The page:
‘Insuring’ a Rough Ride for Syrian Arms
Jun 26, 2012 -
You didn’t see it. No shots were fired. No naval showdown. But last week there was an important drama on the high-seas. "Financial warfare" forced a Russian ship en route to Syria to turn back.
The Russian ship of shame was carrying about a dozen of Syria’s Russian-made attack helicopters. Dating back to Assad the father’s regime, they had been in Russia for refurbishment. Reportedly, other Russian weapons too were headed to Syria.
Hoping to stop the slaughter in Syria, the British government got creative. The MV Alaed had gotten as far as the North Sea near Scotland, when U.K. officials rang-up London-based Standard Club insurance to let them know that continuing to insure the Alaed would be a violation of EU sanctions on Syria. Standard Club pulled their policy, forcing the ship back to Russia, and has reportedly cancelled coverage for other ships owned by the Russian company involved in these shipments. "We’ve decided we don’t want that member in the Club anymore." I like their snobbiness.
This insurance play has been used to prevent shipments of Syrian oil from getting to market via Iran. And Iranian tankers are unable to offload their oil because of insurance complications.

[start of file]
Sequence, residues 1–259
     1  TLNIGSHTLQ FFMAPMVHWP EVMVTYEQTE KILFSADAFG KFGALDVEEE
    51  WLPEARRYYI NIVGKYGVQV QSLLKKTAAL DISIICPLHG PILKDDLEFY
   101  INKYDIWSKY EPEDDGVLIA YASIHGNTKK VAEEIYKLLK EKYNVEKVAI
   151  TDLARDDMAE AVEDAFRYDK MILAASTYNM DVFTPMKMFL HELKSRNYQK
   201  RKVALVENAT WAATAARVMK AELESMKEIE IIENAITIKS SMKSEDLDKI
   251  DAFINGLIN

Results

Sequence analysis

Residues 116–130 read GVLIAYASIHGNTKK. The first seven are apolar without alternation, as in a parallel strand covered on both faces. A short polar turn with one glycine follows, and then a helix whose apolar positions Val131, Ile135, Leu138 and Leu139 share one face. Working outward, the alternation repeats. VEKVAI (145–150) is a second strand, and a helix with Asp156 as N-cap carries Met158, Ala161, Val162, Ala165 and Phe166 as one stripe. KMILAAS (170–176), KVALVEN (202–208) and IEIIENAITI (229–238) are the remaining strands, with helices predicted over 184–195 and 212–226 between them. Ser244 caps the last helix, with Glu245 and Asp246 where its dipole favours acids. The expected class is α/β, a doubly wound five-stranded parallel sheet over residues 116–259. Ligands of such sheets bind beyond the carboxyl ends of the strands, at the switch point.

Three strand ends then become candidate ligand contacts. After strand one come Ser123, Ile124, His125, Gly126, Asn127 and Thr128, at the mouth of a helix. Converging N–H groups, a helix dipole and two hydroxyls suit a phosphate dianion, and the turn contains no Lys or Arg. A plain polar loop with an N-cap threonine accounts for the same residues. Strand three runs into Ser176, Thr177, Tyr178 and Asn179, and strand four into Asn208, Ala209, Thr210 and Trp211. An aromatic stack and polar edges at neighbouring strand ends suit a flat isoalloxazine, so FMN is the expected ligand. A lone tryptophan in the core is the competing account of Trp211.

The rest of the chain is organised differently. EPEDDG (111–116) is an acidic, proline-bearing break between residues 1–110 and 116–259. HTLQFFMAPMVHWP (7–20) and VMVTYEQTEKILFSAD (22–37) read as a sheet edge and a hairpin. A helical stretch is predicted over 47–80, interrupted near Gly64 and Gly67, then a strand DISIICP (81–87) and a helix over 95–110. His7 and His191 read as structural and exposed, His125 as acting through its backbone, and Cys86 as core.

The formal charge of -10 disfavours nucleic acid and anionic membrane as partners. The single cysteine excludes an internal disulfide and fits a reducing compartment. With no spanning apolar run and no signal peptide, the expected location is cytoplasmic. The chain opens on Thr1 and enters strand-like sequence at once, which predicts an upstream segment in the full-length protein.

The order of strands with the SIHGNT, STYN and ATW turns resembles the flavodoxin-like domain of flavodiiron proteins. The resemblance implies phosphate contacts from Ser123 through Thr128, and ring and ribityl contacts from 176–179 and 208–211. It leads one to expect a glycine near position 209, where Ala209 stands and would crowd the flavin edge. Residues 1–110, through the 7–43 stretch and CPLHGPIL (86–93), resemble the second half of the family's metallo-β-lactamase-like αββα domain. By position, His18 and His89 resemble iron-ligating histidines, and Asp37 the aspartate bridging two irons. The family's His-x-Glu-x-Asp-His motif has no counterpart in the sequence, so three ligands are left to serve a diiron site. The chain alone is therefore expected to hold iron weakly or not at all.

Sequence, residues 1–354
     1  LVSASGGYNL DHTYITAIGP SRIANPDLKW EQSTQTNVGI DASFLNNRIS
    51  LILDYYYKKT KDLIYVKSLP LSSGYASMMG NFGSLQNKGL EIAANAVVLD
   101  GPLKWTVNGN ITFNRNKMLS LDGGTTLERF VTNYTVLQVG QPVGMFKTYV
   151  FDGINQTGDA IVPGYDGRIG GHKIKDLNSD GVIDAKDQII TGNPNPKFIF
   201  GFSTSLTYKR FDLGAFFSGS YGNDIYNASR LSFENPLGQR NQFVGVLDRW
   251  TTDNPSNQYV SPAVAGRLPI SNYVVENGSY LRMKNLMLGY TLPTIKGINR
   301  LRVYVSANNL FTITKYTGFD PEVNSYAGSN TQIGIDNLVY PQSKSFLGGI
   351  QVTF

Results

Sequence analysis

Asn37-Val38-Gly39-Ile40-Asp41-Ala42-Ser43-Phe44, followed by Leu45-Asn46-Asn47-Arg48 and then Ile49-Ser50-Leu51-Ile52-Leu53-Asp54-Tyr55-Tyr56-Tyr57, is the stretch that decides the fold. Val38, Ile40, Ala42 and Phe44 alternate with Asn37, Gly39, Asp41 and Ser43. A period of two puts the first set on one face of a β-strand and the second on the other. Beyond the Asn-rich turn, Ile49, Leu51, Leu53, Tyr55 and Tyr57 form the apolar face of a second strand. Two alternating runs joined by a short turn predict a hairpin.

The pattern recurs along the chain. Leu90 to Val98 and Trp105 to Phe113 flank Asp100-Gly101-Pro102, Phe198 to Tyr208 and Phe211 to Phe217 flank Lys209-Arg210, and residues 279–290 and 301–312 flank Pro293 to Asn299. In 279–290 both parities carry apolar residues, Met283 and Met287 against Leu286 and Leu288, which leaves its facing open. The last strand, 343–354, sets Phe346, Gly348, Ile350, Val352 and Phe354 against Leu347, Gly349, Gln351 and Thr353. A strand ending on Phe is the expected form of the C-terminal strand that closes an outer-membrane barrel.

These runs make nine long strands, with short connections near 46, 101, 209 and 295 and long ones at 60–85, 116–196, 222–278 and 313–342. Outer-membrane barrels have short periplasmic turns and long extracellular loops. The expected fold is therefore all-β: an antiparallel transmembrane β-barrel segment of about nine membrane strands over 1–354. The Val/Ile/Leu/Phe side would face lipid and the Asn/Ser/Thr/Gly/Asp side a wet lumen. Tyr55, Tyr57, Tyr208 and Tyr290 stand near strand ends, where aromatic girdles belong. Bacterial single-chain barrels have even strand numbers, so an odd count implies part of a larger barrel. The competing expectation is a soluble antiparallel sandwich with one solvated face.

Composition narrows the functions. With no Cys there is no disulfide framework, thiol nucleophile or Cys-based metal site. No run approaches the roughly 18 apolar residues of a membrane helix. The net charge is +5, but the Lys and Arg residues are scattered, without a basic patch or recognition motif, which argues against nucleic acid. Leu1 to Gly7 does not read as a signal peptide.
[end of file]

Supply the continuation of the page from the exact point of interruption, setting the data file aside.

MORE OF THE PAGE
This is what folks are starting to call "financial warfare." Last year, my subcommittee held a hearing with some of the original architects of "reputational" financial sanctions. This approach relies on heightening the risk awareness and sensitivity of private companies. Once involvement with a rogue is spotlighted, to preserve their reputation and protect their business, banks, insurers, and others will dump rogue state business.
As one witness before my Subcommittee explained, there is a "natural convergence" between responsible governments and financial institutions: "The legitimate international financial community will ultimately act based on its own business interests, which is aligned with the interests of governments desiring to isolate rogue financial actors." Of course, "legitimate" is the operative word.
Targeted financial weapons have had some great success. The challenge is that they can be short-lived, as bad actors look for an end-around. Indeed, word comes that the Alaed has re-flagged, suggesting it will try again. The world is watching.